V.R. Newaskar, J.
1. This is an appeal against an order of remand passed by the Additional District Judge Indore under Order 41, Rule 23, C. P. C.
2. The facts giving rise to this appeal are as follows :
Plaintiff filed this suit for ejectment and arrears of rent amounting to Rs. 960/- on the allegation that the defendant mortgaged with him his house in Chowk Bazar Mahidpur Ward No. 1 House No. 163 on 20-4-1950 'under a deed of usufructuary mortgage duly registered for a consideration of Rs. 8000/- and delivered possession to him on that day; that out of the aforesaid property possession of the portion of the house mentioned in Para No. 1 of the plaint was actually given possession of to the plaintiff and that the remaining portion of the house was taken by the defendant on Rs. 30 P. M. as rent; that four days later i.e. on 20-4-1950 the defendant executed a rent-note in plaintiffs favour in respect of that portion; that the defendant thereafter did not pay any rent; that the plaintiff thereupon gave notice to him on 22-10-1952 calling upon him to pay the arrears of rent and vacate the premises by the end of the current month; that in spite of the notice the defendant neither paid the arrears nor vacated the premises. The plaintiff therefore claimed Rs. 960/- as arrears of rent up to 20-12-1952, ejectment and further mesne profits.
3. The defendant in his written statement denied the creation of the mortgage by a deed dated 20-4-1950, delivery of possession of any portion of his property and execution of a rent-note in plaintiffs favour on 24-4-1950 for Rs. 30/- P. M. He admitted the receipt of plaintiffs notice and stated that the same had been replied to. He also raised questions relating to court-fees and the suit not being within pecuniary jurisdiction of that Court.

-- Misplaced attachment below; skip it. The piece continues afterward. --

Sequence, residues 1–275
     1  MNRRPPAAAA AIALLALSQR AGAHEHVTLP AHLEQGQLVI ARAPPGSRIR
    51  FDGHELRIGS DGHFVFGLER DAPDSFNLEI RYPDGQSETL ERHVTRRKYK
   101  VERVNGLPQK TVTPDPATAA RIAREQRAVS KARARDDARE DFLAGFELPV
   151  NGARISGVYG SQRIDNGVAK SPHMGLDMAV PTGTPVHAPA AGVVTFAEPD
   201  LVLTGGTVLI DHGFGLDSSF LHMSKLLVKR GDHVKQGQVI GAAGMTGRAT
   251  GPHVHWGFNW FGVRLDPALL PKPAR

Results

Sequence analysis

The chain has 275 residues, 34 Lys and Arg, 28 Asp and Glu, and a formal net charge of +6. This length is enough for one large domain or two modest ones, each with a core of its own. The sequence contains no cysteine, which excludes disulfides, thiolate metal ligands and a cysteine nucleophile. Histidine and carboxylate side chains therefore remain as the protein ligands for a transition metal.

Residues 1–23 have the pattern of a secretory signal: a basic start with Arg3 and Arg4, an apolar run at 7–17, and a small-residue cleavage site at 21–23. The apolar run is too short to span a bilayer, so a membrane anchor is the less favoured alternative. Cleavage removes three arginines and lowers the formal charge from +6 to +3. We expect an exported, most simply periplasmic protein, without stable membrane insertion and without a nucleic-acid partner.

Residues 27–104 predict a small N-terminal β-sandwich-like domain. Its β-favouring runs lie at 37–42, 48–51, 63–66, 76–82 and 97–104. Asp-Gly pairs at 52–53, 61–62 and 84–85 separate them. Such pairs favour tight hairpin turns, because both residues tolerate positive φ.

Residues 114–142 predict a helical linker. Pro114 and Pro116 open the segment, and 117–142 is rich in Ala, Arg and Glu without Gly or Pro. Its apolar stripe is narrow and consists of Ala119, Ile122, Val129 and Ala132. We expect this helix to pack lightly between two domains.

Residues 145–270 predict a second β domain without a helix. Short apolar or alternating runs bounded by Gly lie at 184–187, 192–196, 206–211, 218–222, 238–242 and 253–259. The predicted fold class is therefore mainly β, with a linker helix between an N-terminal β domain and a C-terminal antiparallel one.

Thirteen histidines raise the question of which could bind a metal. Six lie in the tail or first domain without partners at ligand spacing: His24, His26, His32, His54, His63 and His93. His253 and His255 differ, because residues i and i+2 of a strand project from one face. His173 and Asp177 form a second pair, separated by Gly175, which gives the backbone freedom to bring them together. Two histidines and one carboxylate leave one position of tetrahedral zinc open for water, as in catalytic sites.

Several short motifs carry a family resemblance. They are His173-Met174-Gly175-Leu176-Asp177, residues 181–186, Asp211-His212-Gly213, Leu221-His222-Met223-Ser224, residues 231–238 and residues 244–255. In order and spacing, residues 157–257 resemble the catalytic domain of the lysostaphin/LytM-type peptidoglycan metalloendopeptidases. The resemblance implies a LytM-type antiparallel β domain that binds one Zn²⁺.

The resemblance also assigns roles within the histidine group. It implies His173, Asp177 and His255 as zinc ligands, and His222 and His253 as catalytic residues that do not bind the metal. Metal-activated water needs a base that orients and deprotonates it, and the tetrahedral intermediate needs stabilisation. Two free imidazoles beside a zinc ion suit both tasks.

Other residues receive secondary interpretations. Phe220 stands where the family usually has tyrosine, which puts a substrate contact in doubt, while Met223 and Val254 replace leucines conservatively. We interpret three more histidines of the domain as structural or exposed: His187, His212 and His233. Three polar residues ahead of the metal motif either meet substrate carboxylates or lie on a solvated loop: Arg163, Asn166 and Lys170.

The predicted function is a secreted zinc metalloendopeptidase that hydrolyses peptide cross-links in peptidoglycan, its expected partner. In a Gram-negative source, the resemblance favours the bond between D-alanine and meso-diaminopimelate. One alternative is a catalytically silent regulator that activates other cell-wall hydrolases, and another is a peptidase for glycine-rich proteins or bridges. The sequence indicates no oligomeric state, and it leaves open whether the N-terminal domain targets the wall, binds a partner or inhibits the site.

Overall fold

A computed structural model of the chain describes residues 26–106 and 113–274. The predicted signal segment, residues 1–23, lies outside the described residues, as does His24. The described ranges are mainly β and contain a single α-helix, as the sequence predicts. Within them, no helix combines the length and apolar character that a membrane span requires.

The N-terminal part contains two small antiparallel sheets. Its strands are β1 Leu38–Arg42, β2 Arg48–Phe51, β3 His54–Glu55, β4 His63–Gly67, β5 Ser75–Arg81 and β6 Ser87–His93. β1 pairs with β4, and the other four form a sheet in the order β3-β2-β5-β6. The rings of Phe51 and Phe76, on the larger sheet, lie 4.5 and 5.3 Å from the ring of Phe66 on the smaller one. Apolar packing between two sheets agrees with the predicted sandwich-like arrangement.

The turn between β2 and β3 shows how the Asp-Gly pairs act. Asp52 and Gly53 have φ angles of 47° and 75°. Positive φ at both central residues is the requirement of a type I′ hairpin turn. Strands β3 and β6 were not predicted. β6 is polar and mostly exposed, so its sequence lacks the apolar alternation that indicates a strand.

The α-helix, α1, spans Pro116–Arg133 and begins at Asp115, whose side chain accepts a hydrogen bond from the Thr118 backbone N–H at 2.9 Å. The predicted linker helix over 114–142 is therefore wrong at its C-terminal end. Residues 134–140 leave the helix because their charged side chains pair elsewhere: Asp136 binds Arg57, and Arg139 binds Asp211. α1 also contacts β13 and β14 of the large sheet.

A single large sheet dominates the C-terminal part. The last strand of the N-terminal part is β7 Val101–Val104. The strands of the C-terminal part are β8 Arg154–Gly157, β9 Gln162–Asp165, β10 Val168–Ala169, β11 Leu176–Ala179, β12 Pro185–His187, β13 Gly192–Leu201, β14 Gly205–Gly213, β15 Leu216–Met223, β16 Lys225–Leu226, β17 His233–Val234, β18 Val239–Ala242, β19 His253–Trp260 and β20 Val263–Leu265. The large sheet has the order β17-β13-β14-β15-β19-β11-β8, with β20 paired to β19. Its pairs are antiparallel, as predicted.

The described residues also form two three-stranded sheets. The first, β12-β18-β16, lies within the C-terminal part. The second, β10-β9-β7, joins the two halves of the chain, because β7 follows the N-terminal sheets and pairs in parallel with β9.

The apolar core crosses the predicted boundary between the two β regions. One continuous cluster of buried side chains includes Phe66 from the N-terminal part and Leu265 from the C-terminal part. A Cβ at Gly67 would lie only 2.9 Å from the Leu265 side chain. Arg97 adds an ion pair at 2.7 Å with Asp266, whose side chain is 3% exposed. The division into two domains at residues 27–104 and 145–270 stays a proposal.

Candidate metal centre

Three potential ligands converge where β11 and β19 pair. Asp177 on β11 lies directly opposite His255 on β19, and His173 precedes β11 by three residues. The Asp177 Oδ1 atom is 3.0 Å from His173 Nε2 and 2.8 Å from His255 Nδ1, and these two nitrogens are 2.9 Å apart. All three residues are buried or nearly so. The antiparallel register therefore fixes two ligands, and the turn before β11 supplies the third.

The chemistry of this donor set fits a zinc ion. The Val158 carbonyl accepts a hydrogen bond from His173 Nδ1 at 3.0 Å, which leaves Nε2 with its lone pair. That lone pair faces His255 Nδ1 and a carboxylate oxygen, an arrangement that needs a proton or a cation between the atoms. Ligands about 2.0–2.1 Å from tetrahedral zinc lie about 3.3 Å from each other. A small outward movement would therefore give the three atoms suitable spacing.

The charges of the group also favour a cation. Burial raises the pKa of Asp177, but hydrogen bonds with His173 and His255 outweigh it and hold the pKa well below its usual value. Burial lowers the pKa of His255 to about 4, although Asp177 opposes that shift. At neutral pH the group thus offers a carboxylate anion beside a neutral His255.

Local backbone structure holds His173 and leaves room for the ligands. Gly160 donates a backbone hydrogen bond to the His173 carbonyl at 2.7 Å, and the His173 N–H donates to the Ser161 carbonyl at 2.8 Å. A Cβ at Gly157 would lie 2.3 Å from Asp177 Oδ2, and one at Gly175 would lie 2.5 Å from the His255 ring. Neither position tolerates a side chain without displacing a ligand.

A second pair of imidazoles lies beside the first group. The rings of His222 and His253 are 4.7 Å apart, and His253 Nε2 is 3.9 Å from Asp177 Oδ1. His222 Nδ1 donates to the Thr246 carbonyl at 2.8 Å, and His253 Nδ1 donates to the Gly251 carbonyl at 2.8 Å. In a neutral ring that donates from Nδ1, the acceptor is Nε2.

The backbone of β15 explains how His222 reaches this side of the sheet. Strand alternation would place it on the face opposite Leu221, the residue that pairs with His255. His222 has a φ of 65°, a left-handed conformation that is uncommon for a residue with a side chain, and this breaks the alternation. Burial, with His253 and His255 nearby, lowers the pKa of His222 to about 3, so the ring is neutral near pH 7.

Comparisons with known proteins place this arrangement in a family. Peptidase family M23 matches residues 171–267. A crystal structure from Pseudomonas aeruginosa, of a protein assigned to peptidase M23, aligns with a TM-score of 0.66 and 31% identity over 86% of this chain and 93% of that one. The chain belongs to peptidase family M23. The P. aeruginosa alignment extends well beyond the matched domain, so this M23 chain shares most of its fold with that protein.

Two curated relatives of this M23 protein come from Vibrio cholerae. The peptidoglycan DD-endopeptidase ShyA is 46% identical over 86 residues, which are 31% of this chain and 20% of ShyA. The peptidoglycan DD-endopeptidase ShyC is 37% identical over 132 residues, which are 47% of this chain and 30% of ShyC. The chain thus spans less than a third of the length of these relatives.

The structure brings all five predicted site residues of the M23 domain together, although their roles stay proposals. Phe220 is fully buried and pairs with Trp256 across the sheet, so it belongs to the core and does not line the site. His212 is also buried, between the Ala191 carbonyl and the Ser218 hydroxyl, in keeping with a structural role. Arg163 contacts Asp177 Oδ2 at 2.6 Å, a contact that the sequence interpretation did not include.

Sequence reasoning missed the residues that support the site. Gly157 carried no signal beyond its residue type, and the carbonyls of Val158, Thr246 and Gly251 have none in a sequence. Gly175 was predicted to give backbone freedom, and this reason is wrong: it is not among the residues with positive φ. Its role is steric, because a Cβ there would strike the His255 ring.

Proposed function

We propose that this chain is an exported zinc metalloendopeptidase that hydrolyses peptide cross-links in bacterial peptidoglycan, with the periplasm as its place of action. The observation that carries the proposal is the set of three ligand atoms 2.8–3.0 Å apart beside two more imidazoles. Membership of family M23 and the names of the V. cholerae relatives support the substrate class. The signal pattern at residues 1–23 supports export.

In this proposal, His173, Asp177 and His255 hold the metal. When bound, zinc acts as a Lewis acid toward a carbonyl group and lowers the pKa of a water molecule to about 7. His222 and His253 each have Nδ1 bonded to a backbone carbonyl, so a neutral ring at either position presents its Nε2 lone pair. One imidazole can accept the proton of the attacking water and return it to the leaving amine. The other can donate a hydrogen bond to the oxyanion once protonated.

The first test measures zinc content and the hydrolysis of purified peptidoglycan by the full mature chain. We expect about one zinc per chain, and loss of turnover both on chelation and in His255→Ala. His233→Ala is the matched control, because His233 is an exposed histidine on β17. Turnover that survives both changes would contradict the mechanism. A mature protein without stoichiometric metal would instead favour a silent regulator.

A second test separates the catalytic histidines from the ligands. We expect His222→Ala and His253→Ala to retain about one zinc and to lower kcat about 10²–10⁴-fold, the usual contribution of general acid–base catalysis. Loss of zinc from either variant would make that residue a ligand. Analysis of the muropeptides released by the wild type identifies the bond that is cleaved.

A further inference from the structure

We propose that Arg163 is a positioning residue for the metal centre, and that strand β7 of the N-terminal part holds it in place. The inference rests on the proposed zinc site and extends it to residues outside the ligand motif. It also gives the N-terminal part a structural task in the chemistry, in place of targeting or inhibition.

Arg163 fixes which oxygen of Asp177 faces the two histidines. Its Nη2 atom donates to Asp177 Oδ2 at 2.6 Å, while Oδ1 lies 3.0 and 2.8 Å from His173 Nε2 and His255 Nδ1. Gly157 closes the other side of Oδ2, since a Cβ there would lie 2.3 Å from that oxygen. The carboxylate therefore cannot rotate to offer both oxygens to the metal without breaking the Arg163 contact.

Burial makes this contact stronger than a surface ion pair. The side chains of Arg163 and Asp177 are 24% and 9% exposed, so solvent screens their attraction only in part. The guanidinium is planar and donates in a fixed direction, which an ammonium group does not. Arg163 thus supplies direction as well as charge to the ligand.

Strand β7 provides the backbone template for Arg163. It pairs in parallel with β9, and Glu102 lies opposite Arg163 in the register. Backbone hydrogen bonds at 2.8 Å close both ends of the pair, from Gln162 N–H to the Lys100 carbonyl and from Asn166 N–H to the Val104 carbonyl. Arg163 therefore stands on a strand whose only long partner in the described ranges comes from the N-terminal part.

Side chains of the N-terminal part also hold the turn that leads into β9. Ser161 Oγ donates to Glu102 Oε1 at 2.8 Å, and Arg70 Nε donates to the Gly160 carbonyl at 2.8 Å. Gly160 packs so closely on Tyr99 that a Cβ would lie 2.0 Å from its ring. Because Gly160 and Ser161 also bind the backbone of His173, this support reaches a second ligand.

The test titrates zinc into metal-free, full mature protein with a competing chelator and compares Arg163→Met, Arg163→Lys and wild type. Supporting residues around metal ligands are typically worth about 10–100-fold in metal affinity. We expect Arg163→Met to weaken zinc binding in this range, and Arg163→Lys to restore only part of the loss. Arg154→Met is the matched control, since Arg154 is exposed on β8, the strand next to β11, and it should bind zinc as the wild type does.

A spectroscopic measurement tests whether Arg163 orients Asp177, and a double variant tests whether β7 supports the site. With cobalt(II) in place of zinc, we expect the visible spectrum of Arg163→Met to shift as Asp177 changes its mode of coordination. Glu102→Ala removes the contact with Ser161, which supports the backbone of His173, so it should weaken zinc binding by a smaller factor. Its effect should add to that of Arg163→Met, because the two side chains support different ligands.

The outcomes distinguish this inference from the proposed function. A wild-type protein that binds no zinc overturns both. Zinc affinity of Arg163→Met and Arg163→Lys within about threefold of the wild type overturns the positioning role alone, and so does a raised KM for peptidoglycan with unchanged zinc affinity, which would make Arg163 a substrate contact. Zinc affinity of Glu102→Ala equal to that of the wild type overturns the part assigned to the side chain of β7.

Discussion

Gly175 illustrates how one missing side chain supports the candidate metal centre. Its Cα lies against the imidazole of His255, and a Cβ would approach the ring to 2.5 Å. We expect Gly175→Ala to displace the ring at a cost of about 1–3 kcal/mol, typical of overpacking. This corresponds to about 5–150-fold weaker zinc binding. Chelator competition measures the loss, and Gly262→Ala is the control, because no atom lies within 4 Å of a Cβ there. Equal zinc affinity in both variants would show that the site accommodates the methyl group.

4. In the alternative the defendant pleaded that the mortgage deed even if held to have been made was sham and bogus and had been intended to save the property from his creditors. The transfer was, according to him, made as a result of plaintiff's inducement and on his assurance that the deed was valueless for affecting him adversely. He further contended that the mortgage transaction itself being bogus the rent-note too is so and is ineffective. Defence under Madhya Bharat Sthan Niyantran Vidhan was also taken.
5. As a result of these pleadings the Court framed issues. Issue No. 9 was to the following effect:
Whether the rent-note was compulsorily legistrable and if so whether the plaintiffs suit is not maintainable?
6. This issue was treated by the trial Court as preliminary and that Court relying upon the decisions of Madhya Bharat High Court in Wamanrao v. Gopaldas, Madh-B LR 1953 Civil 123 (A) and Calcutta High Court in Nabin Chandra v. Rajendra Kumar, AIR 1936 Cal 302 (B) and Atul Krishna v. Zahed Mondal, AIR 1941 Cal 102 (C), dismissed the suit.